Ghana's Health Minister, Mr. Kwaku Agyeman-Manu, has asked Economic Community of West African States (ECOWAS) members to work together to strengthen coordination and consultation to mitigate the negative impacts of Covid-19 on the sub-region.

Daily Guide reports that Minister has indicated there should be harmonisation among member states to ensure the consistency of policies and measures implemented in the post-pandemic efforts.

Speaking at the 22nd Ordinary Session of the ECOWAS Assembly of Health Ministers (AHM) in Abuja, Nigeria, the minister noted that working together would promote the flagship project of free movement, ease restrictions to facilitate the movement of goods, persons, capital and services, while at the same time strengthening health and sanitation measures.

He said a common front should target local production of essential medical products by taking advantage of innovation and new information technologies to improve health systems and promote research and development (R&D) for access to quality, essential medical products.

The Health Minister, who is also the Chair of the AHM, added that ECOWAS needed to strengthen advocacy, policy dialogue and mobilise adequate resources, through sustainable partnerships to ensure food security and nutrition.

He said apart from the health sector, the pandemic has had a heavy toll on the economies in the sub-region, a “situation which threatens to impede our ability to sustain the response effort.”

According to the Health Minister, a recent report by Reliefweb showed that the rate of the spread of Covid-19 in the ECOWAS region, and the restriction measures taken, are draining the socio-economic systems of the member states.

“According to the report, ECOWAS recorded a budget deficit of about 6.4% in 2020 after an increase of 4.7% in 2019 and 2.9% in 2018. This sharp deterioration in the region’s budget deficit is a reflection of a general situation in all the member states,” he said.

“Thus, the resultant economic recession and the swift response of governments to the Covid-19 crisis would have a significant impact on the evolution of public debt relative to GDP of countries. Admittedly, this situation calls for concern as any economic downturn has a direct impact on expected investments in the health sector. This will certainly be disastrous in the midst of a pandemic of this magnitude,” he added.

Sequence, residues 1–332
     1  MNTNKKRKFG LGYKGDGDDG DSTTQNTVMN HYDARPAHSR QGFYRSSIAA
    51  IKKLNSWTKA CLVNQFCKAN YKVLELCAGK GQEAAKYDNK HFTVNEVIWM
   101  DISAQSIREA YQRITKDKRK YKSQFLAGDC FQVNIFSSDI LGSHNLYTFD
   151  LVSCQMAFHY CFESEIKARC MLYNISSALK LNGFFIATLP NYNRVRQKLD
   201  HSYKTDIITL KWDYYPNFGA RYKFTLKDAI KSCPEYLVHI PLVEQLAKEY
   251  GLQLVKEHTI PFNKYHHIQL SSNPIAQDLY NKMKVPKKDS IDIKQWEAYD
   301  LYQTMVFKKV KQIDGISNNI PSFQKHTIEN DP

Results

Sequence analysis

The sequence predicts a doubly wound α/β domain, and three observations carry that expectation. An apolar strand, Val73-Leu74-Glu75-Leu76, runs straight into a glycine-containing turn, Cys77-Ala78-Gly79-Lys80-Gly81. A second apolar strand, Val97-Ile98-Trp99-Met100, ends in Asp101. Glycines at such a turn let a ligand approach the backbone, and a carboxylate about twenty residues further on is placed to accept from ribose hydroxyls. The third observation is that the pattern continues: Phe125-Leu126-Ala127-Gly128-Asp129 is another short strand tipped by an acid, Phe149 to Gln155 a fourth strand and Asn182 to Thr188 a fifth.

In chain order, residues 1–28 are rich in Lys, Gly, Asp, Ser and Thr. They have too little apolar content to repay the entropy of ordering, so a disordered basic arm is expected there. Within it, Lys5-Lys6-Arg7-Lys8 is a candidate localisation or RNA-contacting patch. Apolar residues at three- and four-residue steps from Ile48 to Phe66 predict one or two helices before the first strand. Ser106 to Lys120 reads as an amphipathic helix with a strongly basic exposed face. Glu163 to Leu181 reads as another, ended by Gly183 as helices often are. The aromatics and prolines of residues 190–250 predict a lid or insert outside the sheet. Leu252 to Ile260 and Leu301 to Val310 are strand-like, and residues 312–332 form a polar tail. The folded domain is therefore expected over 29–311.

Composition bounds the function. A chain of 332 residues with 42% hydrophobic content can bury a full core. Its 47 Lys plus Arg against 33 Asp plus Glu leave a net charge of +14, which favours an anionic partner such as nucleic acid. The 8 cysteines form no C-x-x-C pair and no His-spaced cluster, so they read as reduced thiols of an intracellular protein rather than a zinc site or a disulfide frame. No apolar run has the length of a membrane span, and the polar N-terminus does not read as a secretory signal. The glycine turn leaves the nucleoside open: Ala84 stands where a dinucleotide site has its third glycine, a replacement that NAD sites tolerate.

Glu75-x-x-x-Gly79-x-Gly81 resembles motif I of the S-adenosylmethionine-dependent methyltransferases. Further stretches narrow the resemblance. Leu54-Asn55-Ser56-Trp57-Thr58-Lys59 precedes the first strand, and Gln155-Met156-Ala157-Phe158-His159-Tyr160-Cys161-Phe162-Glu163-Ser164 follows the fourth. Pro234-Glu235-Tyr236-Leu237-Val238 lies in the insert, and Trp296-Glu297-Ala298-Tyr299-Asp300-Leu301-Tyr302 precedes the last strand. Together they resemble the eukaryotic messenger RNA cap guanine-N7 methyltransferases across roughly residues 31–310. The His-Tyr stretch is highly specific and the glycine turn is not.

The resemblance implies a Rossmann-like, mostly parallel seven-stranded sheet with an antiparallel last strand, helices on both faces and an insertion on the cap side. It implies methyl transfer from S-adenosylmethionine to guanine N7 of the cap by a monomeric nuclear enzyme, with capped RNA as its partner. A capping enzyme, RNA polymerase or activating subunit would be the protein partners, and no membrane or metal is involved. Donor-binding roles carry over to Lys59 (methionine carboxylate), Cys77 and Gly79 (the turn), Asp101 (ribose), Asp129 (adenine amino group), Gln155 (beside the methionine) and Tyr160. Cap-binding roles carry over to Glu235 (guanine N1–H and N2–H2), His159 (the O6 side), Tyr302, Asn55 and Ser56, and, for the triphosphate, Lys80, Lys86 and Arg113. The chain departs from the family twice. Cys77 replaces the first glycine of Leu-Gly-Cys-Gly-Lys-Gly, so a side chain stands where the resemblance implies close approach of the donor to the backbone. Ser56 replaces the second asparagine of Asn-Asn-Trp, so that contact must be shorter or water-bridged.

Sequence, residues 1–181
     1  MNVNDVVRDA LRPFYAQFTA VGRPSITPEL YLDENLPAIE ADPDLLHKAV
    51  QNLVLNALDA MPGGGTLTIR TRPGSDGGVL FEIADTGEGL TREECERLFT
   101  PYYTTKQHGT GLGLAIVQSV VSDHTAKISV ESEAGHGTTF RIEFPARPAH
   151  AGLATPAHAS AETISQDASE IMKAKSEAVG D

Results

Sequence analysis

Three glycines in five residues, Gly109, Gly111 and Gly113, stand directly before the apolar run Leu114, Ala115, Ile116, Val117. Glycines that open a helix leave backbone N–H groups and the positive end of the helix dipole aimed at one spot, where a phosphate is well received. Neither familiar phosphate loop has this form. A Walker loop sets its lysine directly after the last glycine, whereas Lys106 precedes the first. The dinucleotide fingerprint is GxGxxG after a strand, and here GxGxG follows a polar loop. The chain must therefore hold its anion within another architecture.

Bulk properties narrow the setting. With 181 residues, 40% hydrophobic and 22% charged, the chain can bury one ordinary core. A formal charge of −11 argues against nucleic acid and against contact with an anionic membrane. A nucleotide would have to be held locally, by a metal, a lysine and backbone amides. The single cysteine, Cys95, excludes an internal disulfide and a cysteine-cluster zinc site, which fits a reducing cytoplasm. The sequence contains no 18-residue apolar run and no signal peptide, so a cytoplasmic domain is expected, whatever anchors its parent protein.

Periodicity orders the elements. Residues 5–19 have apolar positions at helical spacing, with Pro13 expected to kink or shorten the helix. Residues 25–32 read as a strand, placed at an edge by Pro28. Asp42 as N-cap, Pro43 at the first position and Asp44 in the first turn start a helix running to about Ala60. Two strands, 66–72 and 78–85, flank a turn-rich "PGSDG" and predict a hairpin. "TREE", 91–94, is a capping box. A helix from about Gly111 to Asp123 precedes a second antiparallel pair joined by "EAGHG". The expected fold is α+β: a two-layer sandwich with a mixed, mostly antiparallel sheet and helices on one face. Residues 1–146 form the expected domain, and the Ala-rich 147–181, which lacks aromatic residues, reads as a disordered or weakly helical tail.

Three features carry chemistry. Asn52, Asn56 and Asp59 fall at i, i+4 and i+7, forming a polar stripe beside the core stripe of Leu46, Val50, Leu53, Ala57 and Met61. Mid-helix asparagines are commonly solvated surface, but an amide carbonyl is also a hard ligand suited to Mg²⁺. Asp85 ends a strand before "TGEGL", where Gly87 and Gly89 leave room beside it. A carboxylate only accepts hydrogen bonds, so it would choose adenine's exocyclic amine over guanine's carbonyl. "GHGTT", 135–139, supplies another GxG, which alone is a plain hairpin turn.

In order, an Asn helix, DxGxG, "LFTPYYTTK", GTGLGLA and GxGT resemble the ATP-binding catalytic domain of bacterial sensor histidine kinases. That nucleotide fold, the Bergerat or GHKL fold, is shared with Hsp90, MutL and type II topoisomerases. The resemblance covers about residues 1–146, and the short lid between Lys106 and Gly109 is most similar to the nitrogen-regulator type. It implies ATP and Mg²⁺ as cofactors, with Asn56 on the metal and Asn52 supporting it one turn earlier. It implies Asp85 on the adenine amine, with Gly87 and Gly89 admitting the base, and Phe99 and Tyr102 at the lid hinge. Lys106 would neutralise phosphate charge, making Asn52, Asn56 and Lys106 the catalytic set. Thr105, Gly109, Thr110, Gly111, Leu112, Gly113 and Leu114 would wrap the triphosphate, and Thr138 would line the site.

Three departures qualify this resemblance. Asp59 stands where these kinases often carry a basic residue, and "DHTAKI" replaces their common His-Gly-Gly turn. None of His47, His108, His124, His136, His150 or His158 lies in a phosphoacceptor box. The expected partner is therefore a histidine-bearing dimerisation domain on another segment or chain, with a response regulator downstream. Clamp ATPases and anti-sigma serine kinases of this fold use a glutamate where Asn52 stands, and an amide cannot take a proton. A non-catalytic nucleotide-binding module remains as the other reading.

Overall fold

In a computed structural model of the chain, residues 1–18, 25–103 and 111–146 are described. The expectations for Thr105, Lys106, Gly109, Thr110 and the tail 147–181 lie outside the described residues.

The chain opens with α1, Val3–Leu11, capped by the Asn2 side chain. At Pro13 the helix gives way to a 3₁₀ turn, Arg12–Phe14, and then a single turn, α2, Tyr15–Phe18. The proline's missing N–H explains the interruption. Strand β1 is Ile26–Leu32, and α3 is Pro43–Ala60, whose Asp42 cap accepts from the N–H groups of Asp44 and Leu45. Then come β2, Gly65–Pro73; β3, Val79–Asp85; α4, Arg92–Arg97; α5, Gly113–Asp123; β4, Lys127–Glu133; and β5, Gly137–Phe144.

He noted that the adverse impact, notwithstanding, the sub-region has been successful in containing the virus despite claims by sceptics that Africa did not have the ability and capacity to deal with the crisis, saying “working together, not only have we succeeded in controlling the situation, Guinea, with the support of ECOWAS and development partners, has succeeded in controlling the outbreak of Ebola and Marburg virus disease.”

He said that despite improvement in other health outcomes, maternal mortality is still a challenge in the sub-region, with over 600 deaths per 100,000 live births, and encouraged member states to double their efforts to reduce maternal mortality considerably as the sub-region strives to attain the SDG target of 70 deaths per 100,000 live births.


The meeting discussed, among other things, Intra Action Review on West African Health Organisation (WAHO’s) Covid-19 pandemic response. It also discussed eradication of Neglected Tropical Diseases in the region; recognition of centres of excellence offering Master’s degrees in nursing and obstetrics science in the ECOWAS region; operationalisation of the ECOWAS Regional Medicines Regulatory Agency (ECOMA); compilation of the West African Herbal Pharmacopoeia and the ECOWAS regional health indicators scorecard.

Mr. Agyeman-Manu expressed optimism that the “reports and resolutions will give us a better insight into the huge efforts we have collectively made as a region, to deal with the Covid-19 pandemic as well as the other health challenges confronting us.”